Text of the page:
Archives For Anxiety

Alone in the dark

August 5, 2013 — 159 Comments

Over the past few weeks I experienced a particularly nasty bout of insomnia (which, fortunately, has resolved). It happens to me from time to time, for no particular reason. When it happens, I have plenty of extra time to think about all kinds of stuff. You may have seen this New Yorker cartoon:

Insomnia Jeopardy

I have played many, many games of Insomnia Jeopardy, and I’ve added a few more categories:

  • Every regret I’ve ever had
  • How much better my life would be if only X, Y, and Z
  • Why X, Y, and Z haven’t happened yet
  • All the things I meant to do that day but didn’t get around to
  • How will I die?
  • Is there anything in the house to eat that doesn’t involve preparation?

I used to get insomnia as a kid too. Even in those days I worried about a lot of things, including but not limited to:

  • Fire
  • Volcanoes
  • Spontaneous human combustion (actually, I still worry about this)
  • Sharks
  • Monsters
  • UFOs
  • Jack the Ripper

(Bear in mind that I watched a lot of In Search Of… with Leonard Nimoy.)

I’ve always had an odd relationship with the dark. I’m a night owl. I’m not afraid of the dark and I actually like it. Except if I can’t sleep, and especially if I’m the only one awake. Then I hate it. HATE IT.

When I was little, I’d lie there in the dark, afraid that I was the only person awake in the entire neighborhood. That terrified me. So I’d look out the window at the buildings across the street. If I saw a light on, or if I saw someone’s television flickering through the curtains, I felt much better. I felt less alone. If nobody’s lights were on, I’d panic. WHAT IF I’M THE ONLY ONE AWAKE??? I guess it never occurred to me that if something horrible happened, I could (and should) wake up my parents. Instead, I periodically peeked through the blinds to see if anyone had turned on a light. I’m happy to report that not once did I spontaneously combust. And nothing else horrible happened—not on my watch. No volcanic activity, UFO landings, shark attacks, monster sightings, 67-alarm fires, or murders by Jack the Ripper. I might have been only a little girl but dammit, I was vigilant.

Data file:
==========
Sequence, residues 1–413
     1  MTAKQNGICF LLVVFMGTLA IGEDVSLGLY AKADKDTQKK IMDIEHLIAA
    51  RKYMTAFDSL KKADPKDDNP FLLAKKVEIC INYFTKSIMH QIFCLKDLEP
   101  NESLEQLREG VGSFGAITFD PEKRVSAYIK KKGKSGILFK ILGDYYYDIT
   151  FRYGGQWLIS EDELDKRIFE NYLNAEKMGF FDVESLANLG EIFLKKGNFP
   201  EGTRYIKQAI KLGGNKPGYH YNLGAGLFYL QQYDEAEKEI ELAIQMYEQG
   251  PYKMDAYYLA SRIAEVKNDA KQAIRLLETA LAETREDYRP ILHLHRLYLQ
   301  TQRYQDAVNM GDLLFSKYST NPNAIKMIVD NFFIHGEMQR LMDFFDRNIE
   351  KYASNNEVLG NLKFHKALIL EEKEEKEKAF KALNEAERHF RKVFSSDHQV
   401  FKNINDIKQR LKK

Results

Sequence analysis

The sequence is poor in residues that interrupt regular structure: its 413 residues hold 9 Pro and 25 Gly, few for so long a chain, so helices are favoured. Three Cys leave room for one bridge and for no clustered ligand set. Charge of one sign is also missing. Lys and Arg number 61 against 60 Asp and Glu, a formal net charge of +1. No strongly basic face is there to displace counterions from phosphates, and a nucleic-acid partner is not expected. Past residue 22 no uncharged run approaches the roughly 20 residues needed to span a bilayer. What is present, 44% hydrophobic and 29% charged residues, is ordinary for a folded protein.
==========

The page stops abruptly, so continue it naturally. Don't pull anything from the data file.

I don’t really know why I still dread being the only one awake. I’m not afraid to be alone in general. There’s just something about being up while everyone else is sleeping that really unsettles me. During this latest bout of insomnia, I sat on the balcony every night and conducted a visual sweep of my surroundings, looking for signs of life, longing for the quiet companionship of fellow nocturnals. As usual, if I saw a light in a window or someone walking down the street, I was enormously relieved. Solidarity, friend. I’m here too. One night there were no lights on. No cars, no pedestrians, nothing. It was about 4am. That familiar panic bubbled up. Then I remembered the 24-hour deli and the hospital two blocks away. See, it’s okay. There’s always someone awake nearby.